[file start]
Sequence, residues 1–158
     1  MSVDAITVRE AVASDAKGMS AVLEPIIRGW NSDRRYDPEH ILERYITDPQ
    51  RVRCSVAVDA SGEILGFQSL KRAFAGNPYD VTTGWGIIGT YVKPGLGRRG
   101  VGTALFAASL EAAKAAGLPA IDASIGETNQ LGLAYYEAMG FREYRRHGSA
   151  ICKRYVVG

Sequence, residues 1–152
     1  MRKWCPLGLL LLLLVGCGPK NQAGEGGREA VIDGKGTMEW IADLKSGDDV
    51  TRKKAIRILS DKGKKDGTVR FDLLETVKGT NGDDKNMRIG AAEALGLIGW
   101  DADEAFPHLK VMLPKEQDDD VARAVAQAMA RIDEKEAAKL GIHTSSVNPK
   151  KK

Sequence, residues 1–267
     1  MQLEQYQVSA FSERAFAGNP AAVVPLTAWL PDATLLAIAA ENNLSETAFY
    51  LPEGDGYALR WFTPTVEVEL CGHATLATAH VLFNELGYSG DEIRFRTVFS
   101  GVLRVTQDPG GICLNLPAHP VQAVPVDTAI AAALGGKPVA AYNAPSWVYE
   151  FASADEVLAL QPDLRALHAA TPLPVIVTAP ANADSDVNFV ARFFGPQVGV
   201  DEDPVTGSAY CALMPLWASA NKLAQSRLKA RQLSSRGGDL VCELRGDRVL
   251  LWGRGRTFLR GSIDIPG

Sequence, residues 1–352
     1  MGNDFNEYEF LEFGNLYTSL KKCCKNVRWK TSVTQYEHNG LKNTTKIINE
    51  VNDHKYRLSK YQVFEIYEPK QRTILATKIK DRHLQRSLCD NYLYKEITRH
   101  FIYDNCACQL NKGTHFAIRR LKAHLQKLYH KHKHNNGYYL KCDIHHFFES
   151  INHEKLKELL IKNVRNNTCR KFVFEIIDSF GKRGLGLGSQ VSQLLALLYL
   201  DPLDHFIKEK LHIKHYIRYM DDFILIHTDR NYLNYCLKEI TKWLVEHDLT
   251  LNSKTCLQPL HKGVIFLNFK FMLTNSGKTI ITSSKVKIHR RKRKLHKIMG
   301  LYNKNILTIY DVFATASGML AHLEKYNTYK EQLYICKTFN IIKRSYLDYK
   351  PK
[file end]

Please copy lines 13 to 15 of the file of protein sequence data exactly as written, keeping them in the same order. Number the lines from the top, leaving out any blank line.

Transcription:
    51  LPEGDGYALR WFTPTVEVEL CGHATLATAH VLFNELGYSG DEIRFRTVFS
   101  GVLRVTQDPG GICLNLPAHP VQAVPVDTAI AAALGGKPVA AYNAPSWVYE
   151  FASADEVLAL QPDLRALHAA TPLPVIVTAP ANADSDVNFV ARFFGPQVGV